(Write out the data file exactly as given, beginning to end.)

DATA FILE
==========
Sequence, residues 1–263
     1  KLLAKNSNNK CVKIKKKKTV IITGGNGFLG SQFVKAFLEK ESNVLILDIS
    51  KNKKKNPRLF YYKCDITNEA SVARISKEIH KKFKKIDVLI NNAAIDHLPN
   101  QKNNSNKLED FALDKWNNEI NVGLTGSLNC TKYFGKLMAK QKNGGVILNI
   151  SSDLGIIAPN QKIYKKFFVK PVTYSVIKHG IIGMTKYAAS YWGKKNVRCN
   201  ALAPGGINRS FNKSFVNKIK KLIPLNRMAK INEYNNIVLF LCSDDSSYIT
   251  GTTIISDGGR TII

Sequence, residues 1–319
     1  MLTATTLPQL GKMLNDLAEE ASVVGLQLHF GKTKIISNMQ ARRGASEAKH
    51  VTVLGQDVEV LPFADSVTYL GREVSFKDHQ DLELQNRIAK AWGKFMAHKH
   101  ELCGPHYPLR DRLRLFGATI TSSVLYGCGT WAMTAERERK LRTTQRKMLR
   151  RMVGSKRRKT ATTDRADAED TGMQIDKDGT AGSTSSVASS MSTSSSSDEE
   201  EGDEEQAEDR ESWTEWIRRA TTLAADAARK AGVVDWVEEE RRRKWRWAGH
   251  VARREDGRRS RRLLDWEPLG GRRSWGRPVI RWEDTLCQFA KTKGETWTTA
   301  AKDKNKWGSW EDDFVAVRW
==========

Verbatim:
Sequence, residues 1–263
     1  KLLAKNSNNK CVKIKKKKTV IITGGNGFLG SQFVKAFLEK ESNVLILDIS
    51  KNKKKNPRLF YYKCDITNEA SVARISKEIH KKFKKIDVLI NNAAIDHLPN
   101  QKNNSNKLED FALDKWNNEI NVGLTGSLNC TKYFGKLMAK QKNGGVILNI
   151  SSDLGIIAPN QKIYKKFFVK PVTYSVIKHG IIGMTKYAAS YWGKKNVRCN
   201  ALAPGGINRS FNKSFVNKIK KLIPLNRMAK INEYNNIVLF LCSDDSSYIT
   251  GTTIISDGGR TII

Sequence, residues 1–319
     1  MLTATTLPQL GKMLNDLAEE ASVVGLQLHF GKTKIISNMQ ARRGASEAKH
    51  VTVLGQDVEV LPFADSVTYL GREVSFKDHQ DLELQNRIAK AWGKFMAHKH
   101  ELCGPHYPLR DRLRLFGATI TSSVLYGCGT WAMTAERERK LRTTQRKMLR
   151  RMVGSKRRKT ATTDRADAED TGMQIDKDGT AGSTSSVASS MSTSSSSDEE
   201  EGDEEQAEDR ESWTEWIRRA TTLAADAARK AGVVDWVEEE RRRKWRWAGH
   251  VARREDGRRS RRLLDWEPLG GRRSWGRPVI RWEDTLCQFA KTKGETWTTA
   301  AKDKNKWGSW EDDFVAVRW